France's World Cup Nightmare Ends in Loss to South Africa

BLOEMFONTEIN, South Africa -- South Africa became the first World Cup host team to fail to advance from the first round despite beating also-eliminated France 2-1 Tuesday in Group A.

Bongani Khumalo and Katlego Mphela scored a goal each in the first half against 10-man France. Florent Malouda pulled one back for the French in the 70th.

Uruguay and Mexico both advanced from Group A. The Uruguayans beat Mexico 1-0 in the other group match.

"Of course we're disappointed we did not qualify but I do not consider this a failure," South Africa coach Carlos Alberto Parreira said. "I believe the whole country is proud."

Khumalo put Bafana Bafana ahead in the 20th when he outjumped France midfielder Abou Diaby to knock a cross from Siphiwe Tshabalala into the net with his shoulder. Mphela doubled the lead in the 37th, outmuscling defender Gael Clichy to reach a low cross from Tsepo Masilela and scramble the ball across the line.

Just to accentuate a disastrous World Cup for the French, Yoann Gourcuff was sent off for elbowing Macbeth Sibaya in the 25th, leaving the 2006 finalists with 10 men. Despite the numerical disadvantage, Malouda made it 2-1 when he knocked in a cross from Franck Ribery.

"I'm sad for all the fans and everyone who support the French team," France coach Raymond Domenech said. "It's the hard and harsh reality of our situation. So I have a genuine sense of sadness."

After playing with a lone striker in its first two matches, South Africa coach Carlos Alberto Parreira opted to play two men up front against France -- Bernard Parker and Mphela -- and it paid off.

Mphela caused trouble for the French defense, with strong runs and dangerous drives from distance. He nearly scored his second goal in the 43rd with a right-foot drive from 25 meters (yards) that forced a diving save from France goalkeeper Hugo Lloris.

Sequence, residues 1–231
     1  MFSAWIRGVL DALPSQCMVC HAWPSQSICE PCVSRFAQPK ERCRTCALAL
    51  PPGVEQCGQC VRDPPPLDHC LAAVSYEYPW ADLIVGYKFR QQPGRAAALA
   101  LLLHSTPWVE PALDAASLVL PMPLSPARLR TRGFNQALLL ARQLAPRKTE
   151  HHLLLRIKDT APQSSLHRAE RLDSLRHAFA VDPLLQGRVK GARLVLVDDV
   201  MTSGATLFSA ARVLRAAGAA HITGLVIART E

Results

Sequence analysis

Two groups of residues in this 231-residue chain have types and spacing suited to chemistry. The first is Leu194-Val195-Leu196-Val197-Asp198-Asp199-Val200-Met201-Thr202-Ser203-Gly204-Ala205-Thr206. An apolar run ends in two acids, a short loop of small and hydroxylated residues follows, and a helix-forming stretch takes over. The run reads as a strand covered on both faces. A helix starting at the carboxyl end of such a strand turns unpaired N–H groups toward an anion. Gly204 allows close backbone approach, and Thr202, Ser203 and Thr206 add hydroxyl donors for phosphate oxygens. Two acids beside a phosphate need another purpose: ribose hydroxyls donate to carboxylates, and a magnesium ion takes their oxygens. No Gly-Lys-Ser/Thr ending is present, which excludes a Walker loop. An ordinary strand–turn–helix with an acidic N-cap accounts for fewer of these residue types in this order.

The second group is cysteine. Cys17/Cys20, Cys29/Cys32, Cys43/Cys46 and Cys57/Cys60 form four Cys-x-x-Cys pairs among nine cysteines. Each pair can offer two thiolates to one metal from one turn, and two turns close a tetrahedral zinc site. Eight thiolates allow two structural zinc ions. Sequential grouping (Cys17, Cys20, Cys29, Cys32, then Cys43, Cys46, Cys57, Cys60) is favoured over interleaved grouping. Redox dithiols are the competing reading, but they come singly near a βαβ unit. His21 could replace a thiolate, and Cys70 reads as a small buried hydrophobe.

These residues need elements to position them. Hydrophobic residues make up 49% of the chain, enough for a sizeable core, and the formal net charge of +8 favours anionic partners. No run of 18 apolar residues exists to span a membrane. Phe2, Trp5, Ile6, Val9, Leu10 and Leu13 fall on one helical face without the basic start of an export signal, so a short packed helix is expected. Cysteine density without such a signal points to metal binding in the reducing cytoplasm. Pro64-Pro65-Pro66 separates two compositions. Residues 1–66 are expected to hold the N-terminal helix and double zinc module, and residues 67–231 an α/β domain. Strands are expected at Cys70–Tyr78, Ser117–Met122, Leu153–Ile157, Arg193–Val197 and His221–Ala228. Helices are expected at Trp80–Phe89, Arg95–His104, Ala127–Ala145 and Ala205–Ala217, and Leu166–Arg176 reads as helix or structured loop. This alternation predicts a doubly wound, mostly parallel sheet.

Mphela continued to bother France's backline after the break, and should have scored in the 50th when he ran onto a pass from Steven Piennar, but his right-foot shot hit the crossbar.

The striker went close again five minutes later with a drive from 25 meters (yards) that Lloris punched away.

South Africa's attacking style brought the crowd at Free State Stadium to life, and the home fans roared with each Bafana Bafana foray into the French half.

Facing a 2-0 halftime deficit, Domenech brought on Malouda and striker Thierry Henry to try to boost his team's flagging attack.

The changes had little impact until Ribery set up Malouda.

Despite the win, South Africa became the first host nation in the tournament's 80-year history not to advance to the knockout round. The team finished even with Mexico on four points, but the Latin Americans go through with a better goal difference.

"Everyone knows and sees this group was one of the most tough groups in the World Cup," Parreira said. "Then we just didn't qualify because of our goal difference -- with a little bit of luck, we should have qualified."

The result also brings an end to France's inglorious World Cup campaign in South Africa. The squad has been in crisis since coach Raymond Domenech and the French Federation decided to send striker Nicolas Anelka home for an explicative-laced tirade against Domenech at halftime of the 2-0 loss to Mexico.

The players went on strike, refusing to train on Sunday to protest Anelka's absence.

Domenech dropped captain Patrice Evra from the lineup for leading the player strike, and gave Alou Diarra the captain's armband against South Africa. It was one of six changes he made to the lineup from the Mexico match.

The game was Domenech's last for France. Laurent Blanc will take over of a squad in disarray.

"I'm sad. This team has great potential. I have loved the French team," Domenech said. "This team never dies and it has everything it needs to succeed with players that are coming up through the ranks